Eating a diet high in plant foods with little or no red meat has been linked to lower risk of type 2 diabetes in the most comprehensive scrutiny of this connection so far.
This protective effect is even stronger for diets high in healthier plant foods such as fruits, vegetables, whole grains, legumes and nuts.
Diabetes has been called “the fastest growing health crisis of our time”. At the same time, plant-based diets are gaining popularity.
Therefore, the researchers thought it was important to quantify their link with diabetes risk, says first author Frank Qian from the Harvard TH Chan School of Public Health, US – especially given the large variation in these diets.
The analysis, published in the Journal of the American Medical Association, included nine studies with more than 300,000 participants – of whom 23,544 had type 2 diabetes – over two to 28 years of follow-up.
In the primary evaluation, Qian and co-authors focussed on an overall higher intake of plant-based foods along with little or no animal-based foods. Therefore, this included vegetarian or vegan dietary patterns.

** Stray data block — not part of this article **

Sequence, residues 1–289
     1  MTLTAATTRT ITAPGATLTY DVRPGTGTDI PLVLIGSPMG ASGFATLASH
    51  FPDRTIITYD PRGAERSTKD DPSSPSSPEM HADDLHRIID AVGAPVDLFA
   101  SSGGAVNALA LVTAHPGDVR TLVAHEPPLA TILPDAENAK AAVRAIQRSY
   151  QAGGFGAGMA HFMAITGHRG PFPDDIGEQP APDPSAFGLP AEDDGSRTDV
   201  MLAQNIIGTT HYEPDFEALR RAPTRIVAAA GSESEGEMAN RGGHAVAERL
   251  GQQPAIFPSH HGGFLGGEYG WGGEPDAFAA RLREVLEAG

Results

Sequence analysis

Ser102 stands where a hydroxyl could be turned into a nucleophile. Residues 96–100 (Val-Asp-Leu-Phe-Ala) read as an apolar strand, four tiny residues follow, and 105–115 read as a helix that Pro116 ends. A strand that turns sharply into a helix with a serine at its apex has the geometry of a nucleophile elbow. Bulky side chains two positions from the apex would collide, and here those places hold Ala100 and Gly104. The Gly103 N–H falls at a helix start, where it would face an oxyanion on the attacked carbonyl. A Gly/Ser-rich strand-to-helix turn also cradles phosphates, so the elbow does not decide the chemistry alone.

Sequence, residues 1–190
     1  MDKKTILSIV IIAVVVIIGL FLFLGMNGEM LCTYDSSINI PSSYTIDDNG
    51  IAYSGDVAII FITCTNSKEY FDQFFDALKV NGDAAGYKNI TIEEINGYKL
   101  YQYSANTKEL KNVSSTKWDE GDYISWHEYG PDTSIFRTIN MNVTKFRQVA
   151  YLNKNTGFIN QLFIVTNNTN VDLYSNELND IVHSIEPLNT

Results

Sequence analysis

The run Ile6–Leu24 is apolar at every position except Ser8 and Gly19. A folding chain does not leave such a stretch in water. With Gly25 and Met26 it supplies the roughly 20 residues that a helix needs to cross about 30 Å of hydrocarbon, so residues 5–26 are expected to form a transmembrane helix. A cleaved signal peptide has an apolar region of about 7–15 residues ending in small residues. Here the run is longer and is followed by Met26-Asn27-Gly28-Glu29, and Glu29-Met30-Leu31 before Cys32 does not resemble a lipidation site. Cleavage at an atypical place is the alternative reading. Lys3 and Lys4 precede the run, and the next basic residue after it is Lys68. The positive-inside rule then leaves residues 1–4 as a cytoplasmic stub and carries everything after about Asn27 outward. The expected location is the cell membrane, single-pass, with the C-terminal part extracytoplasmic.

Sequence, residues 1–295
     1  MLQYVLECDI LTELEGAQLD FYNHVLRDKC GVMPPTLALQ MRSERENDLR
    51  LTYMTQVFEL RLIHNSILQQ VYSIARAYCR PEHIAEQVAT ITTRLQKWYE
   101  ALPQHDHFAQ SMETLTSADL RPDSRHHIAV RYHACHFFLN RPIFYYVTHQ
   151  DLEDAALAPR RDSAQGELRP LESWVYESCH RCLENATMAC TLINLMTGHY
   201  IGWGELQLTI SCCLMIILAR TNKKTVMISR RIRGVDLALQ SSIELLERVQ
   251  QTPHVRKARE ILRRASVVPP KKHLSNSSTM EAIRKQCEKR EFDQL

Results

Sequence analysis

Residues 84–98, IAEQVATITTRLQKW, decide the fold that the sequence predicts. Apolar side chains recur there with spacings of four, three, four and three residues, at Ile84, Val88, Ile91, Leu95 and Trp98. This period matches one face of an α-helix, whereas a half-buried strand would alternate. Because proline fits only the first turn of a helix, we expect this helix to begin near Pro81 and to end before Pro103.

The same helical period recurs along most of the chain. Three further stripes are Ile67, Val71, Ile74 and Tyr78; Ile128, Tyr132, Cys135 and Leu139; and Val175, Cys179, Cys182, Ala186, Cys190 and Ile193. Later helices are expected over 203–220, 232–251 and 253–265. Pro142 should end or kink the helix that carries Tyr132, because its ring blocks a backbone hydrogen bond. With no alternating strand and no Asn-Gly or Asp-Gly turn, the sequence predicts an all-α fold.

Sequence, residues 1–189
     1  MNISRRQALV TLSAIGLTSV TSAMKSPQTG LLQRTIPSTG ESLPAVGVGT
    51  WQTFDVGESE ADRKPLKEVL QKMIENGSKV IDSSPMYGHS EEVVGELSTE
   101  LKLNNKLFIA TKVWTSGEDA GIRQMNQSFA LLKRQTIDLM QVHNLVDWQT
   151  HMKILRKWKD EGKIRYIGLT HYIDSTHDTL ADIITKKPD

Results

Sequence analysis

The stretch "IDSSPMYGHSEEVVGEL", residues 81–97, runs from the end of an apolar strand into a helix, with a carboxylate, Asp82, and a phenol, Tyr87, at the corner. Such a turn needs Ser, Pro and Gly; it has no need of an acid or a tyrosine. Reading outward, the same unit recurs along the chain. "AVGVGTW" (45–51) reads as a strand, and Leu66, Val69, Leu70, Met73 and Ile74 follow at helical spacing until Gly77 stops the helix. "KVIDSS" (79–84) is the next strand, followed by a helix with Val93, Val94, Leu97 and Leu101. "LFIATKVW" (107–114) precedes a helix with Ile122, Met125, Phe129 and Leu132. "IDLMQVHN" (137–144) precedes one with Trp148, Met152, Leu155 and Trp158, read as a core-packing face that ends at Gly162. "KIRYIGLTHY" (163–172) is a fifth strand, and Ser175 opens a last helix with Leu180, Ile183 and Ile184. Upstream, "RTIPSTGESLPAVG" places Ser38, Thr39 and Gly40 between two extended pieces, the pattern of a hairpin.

They found that people with the highest adherence to predominantly plant-based diets had a 23% reduced risk of type 2 diabetes compared to those with the lowest consumption of plant foods.
But these dietary patterns didn’t exclude plant-derived foods that have been linked to higher diabetes risk, such as sugar and refined carbohydrates.
When narrowing the analysis to four studies that defined a plant-based diet as the healthy whole food options, they found a 30% lower risk of type 2 diabetes.
While it must be noted that the studies are observational, most, if not all, adjusted for well-known risk factors, including body mass index (BMI), gender, smoking status and family history of diabetes, among other potentially confounding variables.
Several factors could explain the associations, the authors say.
Plant-based diets typically include healthy plant foods packed with nutrients, polyphenols and fibre, which can improve insulin sensitivity, lower blood pressure, reduce inflammation and help maintain a healthy weight.
All of these can lower the risk of type 2 diabetes. Conversely, eating red and processed meat has been linked to higher risk.
Because the studies controlled for BMI, and excess weight and type 2 diabetes are a deadly duo, the authors suggest the associations they found could underestimate the actual degree of protection conferred by the diets.
“Overall,” says senior author Qi Sun, “these data highlight the importance of adhering to plant-based diets to achieve or maintain good health.”
Natalie Parletta is a freelance science writer based in Adelaide and an adjunct senior research fellow with the University of South Australia.
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